When corporations lend a hand to social startups, the whole ecosystem changes for the better and everyone wins, writes Angeli Recella of Makesense.
Today, organizations are no longer assessed based solely on traditional metrics such as financial performance, or even the quality of their products or services. To thrive, businesses must incorporate positive social impact by maintaining positive relationships, not just with customers and employees, but also with local communities and regulators. This is not simply a matter of altruism: effective corporate social responsibility efforts are critical to maintaining an organization’s reputation; attracting, retaining, and engaging their employees; and cultivating loyalty among customers.
76% of young people said they have purchased (53%) or would consider purchasing (23%) a brand/product to show support for the social issues the brand supported. DoSomething Strategic’s 2018 Survey of Young People and Social Change
But perhaps even more importantly — and more costly — 67% have stopped purchasing (40%) or would consider doing so (27%) if the company stood for something or behaved in a way that didn’t align with their values. DoSomething Strategic’s 2018 Survey of Young People and Social Change
[Employee] Turnover dropped by 57% in employee groups most deeply connected to their companies’ giving and volunteering efforts. 2018 Benevity Engagement Study
On the other hand, social startups attract consumers and great talent more and more because of their shared social values. Because of their size and nature, social impact startups can be agile in terms of finding and testing solutions for their beneficiaries. Being part of a social impact startup also brings a sense of purpose to those who work in and with them. However, the reality is that it is difficult for a social impact startup to survive long enough to scale its impact due to lack of capital and other resources.
But consider this: What if corporations and social startups work hand-in-hand?
Makesense has facilitated and enabled partnerships between several corporations and social entrepreneurs in the past 10 years.
We learned that Corporate Social Responsibility (CSR) is not a task reserved for the Human Resources or Corporate Affairs departments. Now, more than ever, effective CSR is a competitive advantage.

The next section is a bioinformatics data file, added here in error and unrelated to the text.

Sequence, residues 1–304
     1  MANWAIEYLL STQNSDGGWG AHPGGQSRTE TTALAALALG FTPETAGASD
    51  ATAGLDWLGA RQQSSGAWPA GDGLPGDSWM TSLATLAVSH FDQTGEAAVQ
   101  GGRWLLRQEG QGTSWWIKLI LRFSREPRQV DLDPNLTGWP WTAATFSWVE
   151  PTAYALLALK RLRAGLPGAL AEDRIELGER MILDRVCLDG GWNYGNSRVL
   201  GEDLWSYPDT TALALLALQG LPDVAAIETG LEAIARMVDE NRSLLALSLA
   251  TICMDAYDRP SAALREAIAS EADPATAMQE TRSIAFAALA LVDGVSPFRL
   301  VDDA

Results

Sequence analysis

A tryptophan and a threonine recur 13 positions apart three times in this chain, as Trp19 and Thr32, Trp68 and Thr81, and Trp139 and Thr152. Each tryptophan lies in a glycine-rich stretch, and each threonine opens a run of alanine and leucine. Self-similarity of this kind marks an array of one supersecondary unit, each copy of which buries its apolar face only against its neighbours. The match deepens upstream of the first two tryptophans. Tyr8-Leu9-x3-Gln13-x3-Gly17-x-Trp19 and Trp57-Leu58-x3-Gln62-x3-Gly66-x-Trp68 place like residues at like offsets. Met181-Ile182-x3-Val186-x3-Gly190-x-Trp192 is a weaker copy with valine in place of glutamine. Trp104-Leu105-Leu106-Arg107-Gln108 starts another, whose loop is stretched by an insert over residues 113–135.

Here are three main learnings that stood out in our experience:
- Build stronger employee engagement by working on social impact projects together.
For instance, in 2019, Sanofi had challenges in engaging their employees and boosting employee morale. To solve this, Sanofi, in partnership with Makesense, incubated social impact startups that address health access and delivery. One of the startups from the incubation is Squeaky Clean Kids, which works to make good hygiene accessible to all through hygiene awareness campaigns and a “Buy-One-Fund-One” business model for their homemade antibacterial organic soap. Because of the alignment in collective social purpose, Sanofi employees had a strong sense of team building, pride for their employer, and engagement.
A 2017 study by Deloitte found that 88% of millennials believe that employers should play a vital role in alleviating these concerns, and 86% say business success should be measured by more than profitability.
- Businesses can test new markets by employing social entrepreneurs
Decathlon PH wanted to open untapped market segments for sportswear and equipment. Along with the goal of empowering their advocacy to democratise sports access, Decathlon partnered with Exceptional Sports Philippines—a social impact startup that enables children with special needs to participate in sports. Together, the partnership was able to open up this new market segment for Decathlon through the development of the Play Kit, an affordable training module that equips parents of children with special needs (CWSN) with the resources to interact with children through sports and play. Almost a year after the partnership started, Exceptional Sports still holds sports training for CWSN within Decathlon grounds.
Engaging in social innovation boosts the company’s employer branding.
Cisco is an esteemed technology firm. In the past, they have had challenges in attracting the younger generation to be part of their firm. As a solution, Cisco partnered with Makesense France to launch a program called “Tech for Good” that empowered tech innovators who were working on a social problem, while selling Cisco’s innovative side to prospective hires. The program sparked a new kind of employer branding for Cisco—one that showcased how agile, open, and socially responsible they were.
Since then, a unit for strategic innovations has been created to continue the Tech for Good efforts.
- A recent Nielsen study found that 67% of employees prefer to work for socially responsible companies, and 86% of consumers will pay extra for products sold by companies committed to positive social impact.
- A study of 22,000 investment professionals found that 78% have increased their investments in CSR-focused firms.
Companies have a unique opportunity to make social responsibility a core part of their strategy and identity. In doing so, they can also empower and enable budding social impact startups.
The shared demographic of youth can help multiply the effect. When corporations and social startups work hand-in-hand, the resulting innovation leads to scaled up and sustained social good.